Qantas plans to cut at least 6,000 jobs and keep 15,000 more workers on extended furloughs as Australia's largest airline tries to survive the coronavirus pandemic.
Qantas announced a plan Thursday to reduce costs by billions of dollars and raise fresh capital. The plan includes grounding 100 planes for a year or more and immediately retiring its six remaining Boeing 747 planes.
Chief Executive Alan Joyce said the airline has to become smaller as it braces for several years of much lower revenues. He said the furloughed workers faced a long interruption to their airline careers.
The actions that we're taking will have a huge impact on thousands of our people. This is something that weighs very heavily on all of us," Joyce told reporters.
This is something that we don't make a decision on very easily. But the collapse of billions of dollars in revenue leaves us with little choice if we are to save as many jobs as possible longer term. Joyce said the airline entered the crisis in a better position than most airlines and remained optimistic about the future.
This crisis has still hit us very, very hard and the impact will be felt for a long time," Joyce said.
In a plan filed with the Australian stock exchange, Qantas said it would reduce costs by 15 billion Australian dollars ($10 billion) over three years and raise new equity of A$1.9 billion to help accelerate the airline's recovery and position it for new opportunities.
Qantas employs about 29,000 people. Joyce said he expected only about 8,000 of them would be working by next month, and 15,000 by the end of the year. He said that as international routes opened back up over the next two years, he hoped the workforce would increase again to 21,000.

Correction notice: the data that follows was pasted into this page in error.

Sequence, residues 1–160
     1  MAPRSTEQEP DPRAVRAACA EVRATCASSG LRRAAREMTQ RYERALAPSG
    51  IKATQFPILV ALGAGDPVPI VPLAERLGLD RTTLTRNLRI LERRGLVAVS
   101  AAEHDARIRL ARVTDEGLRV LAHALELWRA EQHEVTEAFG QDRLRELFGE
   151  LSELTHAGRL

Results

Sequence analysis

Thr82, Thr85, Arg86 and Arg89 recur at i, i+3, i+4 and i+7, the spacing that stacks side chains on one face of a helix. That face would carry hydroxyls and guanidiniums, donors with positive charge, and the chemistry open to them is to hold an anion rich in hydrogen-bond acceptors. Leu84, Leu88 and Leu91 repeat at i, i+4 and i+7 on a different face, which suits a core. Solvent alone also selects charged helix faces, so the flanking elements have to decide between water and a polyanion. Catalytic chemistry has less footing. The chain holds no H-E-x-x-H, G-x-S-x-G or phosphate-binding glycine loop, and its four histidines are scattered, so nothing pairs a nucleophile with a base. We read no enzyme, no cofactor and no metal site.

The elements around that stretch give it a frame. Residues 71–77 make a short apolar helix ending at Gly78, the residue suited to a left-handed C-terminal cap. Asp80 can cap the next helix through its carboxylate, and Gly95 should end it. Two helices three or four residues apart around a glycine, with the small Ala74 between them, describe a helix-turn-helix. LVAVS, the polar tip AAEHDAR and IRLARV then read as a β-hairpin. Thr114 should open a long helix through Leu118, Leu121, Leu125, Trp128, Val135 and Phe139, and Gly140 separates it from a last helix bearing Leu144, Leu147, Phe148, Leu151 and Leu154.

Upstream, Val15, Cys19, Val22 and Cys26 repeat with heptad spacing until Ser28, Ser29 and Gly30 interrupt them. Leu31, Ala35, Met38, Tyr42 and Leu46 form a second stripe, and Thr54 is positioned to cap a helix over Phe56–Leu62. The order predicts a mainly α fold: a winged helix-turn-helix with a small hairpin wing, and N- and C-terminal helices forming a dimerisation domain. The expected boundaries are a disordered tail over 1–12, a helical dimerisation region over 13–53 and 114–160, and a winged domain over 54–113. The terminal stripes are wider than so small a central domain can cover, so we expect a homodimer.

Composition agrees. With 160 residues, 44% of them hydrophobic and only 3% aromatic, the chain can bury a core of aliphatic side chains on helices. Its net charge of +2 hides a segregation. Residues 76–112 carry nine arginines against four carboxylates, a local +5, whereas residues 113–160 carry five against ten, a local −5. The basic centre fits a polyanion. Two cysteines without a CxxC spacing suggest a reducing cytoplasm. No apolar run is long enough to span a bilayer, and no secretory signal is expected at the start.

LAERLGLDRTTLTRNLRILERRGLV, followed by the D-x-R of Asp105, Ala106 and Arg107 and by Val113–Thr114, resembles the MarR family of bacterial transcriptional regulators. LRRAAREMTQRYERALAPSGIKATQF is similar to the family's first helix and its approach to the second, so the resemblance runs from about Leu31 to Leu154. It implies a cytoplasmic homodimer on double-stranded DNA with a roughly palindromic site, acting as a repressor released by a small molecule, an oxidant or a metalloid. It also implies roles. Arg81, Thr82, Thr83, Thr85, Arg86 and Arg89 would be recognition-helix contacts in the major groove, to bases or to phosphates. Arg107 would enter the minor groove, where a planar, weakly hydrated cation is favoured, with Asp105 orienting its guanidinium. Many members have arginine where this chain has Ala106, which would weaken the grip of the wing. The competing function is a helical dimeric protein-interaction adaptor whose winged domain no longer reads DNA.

He said the airline planned to be back to 40% of its pre-crisis domestic flying by July, but that international routes would take much longer to return.
Australian Prime Minister Scott Morrison said it wanted to help former Qantas employees suffering from the terrible job losses to find new work in other parts of the economy.
He said he retained hope for the Australian economy, especially after the International Monetary Fund pointed out it was navigating the financial crisis better than most other developed economies.
And that's where the hope comes from, Morrison told reporters in Sydney. "Because the hope says that we're on our way back. And as hard as these days are, there are better days ahead.
(Only the headline and picture of this report may have been reworked by the Business Standard staff; the rest of the content is auto-generated from a syndicated feed.)